biological degradation

biological degradation

  • Bc: reduction of vegetation cover
  • Bq: quantity/ biomass decline

Main type of degradation addressed: Wt: loss of topsoil / surface erosion, Et: loss of topsoil, Cn: fertility decline and reduced organic matter content

Secondary types of degradation addressed: Pk: sealing and crusting, Bc: reduction of vegetation cover, Bq: quantity / biomass decline

Main causes of degradation: change of seasonal rainfall (less precipitation and snow cover), droughts

3.8 Prevention, reduction, or restoration of land degradation

Specify the goal of the Technology with regard to land degradation:
  • prevent land degradation

4. Technical specifications, implementation activities, inputs, and costs

4.1 Technical drawing of the Technology

Technical specifications (related to technical drawing):

Spiral water pump: When the wheel rotates with the power of the water, a “gulp” will add water and air into the tube at every rotation. The combination of water and air in the tube will create an increasing pressure at every rotation of the wheel. This build-up of pressure will allow the water to be pushed to a definite height.

Date: 13.05.2011

Technical knowledge required for field staff / advisors: high

Technical knowledge required for land users: high

Main technical functions: water harvesting / increase water supply, water spreading

Structural measure: spiral water pump

Construction material (other): metal, plastic tube


MSDSP Khorog

4.2 General information regarding the calculation of inputs and costs

other/ national currency (specify):


If relevant, indicate exchange rate from USD to local currency (e.g. 1 USD = 79.9 Brazilian Real): 1 USD =:


Indicate average wage cost of hired labour per day:


4.3 Establishment activities

Activity Timing (season)
1. Building a steel frame to fix two empty water tanks that keep the water pump floating (if the water source is a river, not a canal)
2. Setting up the outer steel frame connected with axel, outrig
3. Putting in polyethylene tube
4. Painting wheels white
5. None
6. None

4.4 Costs and inputs needed for establishment

Specify input Unit Quantity Costs per Unit Total costs per input % of costs borne by land users
Labour Putting in polyethylene tube Persons/day 5.0 40.0 200.0
Equipment Electrode for welding Pieces 80.0 0.375 30.0
Construction material Tin plates Pieces 7.0 200.0 1400.0
Construction material Chain hooks Pieces 8.0 3.0 24.0
Construction material Scoop Pieces 1.0 25.0 25.0
Construction material Clamps Pieces 60.0 0.7 42.0
Construction material Gabion grid Pieces 1.0 135.0 135.0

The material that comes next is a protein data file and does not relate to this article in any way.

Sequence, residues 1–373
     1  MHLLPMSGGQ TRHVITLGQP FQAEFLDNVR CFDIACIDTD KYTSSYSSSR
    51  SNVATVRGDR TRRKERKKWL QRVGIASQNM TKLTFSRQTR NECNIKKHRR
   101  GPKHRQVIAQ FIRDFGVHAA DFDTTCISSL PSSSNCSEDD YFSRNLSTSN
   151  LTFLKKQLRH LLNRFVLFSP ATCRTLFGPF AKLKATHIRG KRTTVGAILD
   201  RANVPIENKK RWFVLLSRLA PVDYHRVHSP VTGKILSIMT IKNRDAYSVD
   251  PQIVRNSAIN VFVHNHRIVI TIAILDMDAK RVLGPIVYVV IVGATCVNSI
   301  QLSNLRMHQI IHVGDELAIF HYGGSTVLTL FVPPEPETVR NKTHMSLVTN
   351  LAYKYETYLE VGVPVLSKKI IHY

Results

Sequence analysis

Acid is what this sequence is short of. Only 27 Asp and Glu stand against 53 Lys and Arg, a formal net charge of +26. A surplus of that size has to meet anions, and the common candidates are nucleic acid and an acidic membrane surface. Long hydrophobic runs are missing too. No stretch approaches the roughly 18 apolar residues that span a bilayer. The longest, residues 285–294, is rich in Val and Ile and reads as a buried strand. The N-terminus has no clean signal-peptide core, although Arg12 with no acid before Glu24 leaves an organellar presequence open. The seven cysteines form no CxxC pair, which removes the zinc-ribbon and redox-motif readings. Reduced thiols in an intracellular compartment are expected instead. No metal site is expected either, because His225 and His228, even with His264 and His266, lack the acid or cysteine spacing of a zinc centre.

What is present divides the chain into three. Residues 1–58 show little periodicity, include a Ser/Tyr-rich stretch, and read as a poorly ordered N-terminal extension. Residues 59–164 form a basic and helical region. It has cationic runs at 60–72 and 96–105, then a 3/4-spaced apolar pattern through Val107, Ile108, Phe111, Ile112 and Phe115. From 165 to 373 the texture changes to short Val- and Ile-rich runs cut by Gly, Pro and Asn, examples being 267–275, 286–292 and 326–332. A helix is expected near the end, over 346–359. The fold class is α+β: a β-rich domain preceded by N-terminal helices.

Construction material Steel meter 32.0 8.375 268.0
Construction material Axle (pipe), 32 cm meter 1.0 50.0 50.0
Construction material Bushing Pieces 2.0 35.0 70.0
Other Rotary fitting Pieces 1.0 200.0 200.0
Other Polyethylene tube meter 50.0 13.0 650.0
Other White paint liter 3.0 15.0 45.0
Total costs for establishment of the Technology 3139.0
Total costs for establishment of the Technology in USD 697.56
If land user bore less than 100% of costs, indicate who covered the remaining costs:



Duration of establishment phase: 3 month(s)

4.5 Maintenance/ recurrent activities

Activity Timing/ frequency
1. maintenance of pump annual

4.6 Costs and inputs needed for maintenance/ recurrent activities (per year)

Specify input Unit Quantity Costs per Unit Total costs per input % of costs borne by land users
Labour Maintenance of pump Pump 1.0 45.0 45.0 100.0
Total costs for maintenance of the Technology 45.0
Total costs for maintenance of the Technology in USD 10.0

The costs apply to the construction of 1 spiral pump.

4.7 Most important factors affecting the costs

Describe the most determinate factors affecting the costs:

The material needed to build such a spiral waterpump is the most important factor determining the costs.

5. Natural and human environment

5.1 Climate

Annual rainfall
  • < 250 mm
  • 251-500 mm
  • 501-750 mm
  • 751-1,000 mm
  • 1,001-1,500 mm
  • 1,501-2,000 mm
  • 2,001-3,000 mm
  • 3,001-4,000 mm
  • > 4,000 mm
Agro-climatic zone
  • semi-arid
  • arid

Thermal climate class: temperate

5.2 Topography

Slopes on average:
  • flat (0-2%)
  • gentle (3-5%)
  • moderate (6-10%)
  • rolling (11-15%)
  • hilly (16-30%)
  • steep (31-60%)
  • very steep (>60%)
  • plateau/plains
  • ridges
  • mountain slopes
  • hill slopes
  • footslopes
  • valley floors
Altitudinal zone:
  • 0-100 m a.s.l.
  • 101-500 m a.s.l.
  • 501-1,000 m a.s.l.
  • 1,001-1,500 m a.s.l.
  • 1,501-2,000 m a.s.l.
  • 2,001-2,500 m a.s.l.
  • 2,501-3,000 m a.s.l.
  • 3,001-4,000 m a.s.l.
  • > 4,000 m a.s.l.
Comments and further specifications on topography:

Altitudinal zone: Also 1,001-1,500 m a.s.l.

Landforms: Rivers

Slopes on average: Rivers need to have some flow

5.3 Soils

Soil depth on average:
  • very shallow (0-20 cm)
  • shallow (21-50 cm)
  • moderately deep (51-80 cm)
  • deep (81-120 cm)
  • very deep (> 120 cm)
Soil texture (topsoil):
  • coarse/ light (sandy)
Topsoil organic matter:
  • low (<1%)
If available, attach full soil description or specify the available information, e.g. soil type, soil PH/ acidity, Cation Exchange Capacity, nitrogen, salinity etc.

Soil fertility is low

Soil drainage / infiltration is medium

Soil water storage capacity is medium

5.4 Water availability and quality

Ground water table:

< 5 m

Availability of surface water:

poor/ none

Water quality (untreated):

poor drinking water (treatment required)

5.5 Biodiversity

Species diversity:
  • low

5.6 Characteristics of land users applying the Technology

Market orientation of production system:
  • mixed (subsistence/ commercial)
Off-farm income:
  • less than 10% of all income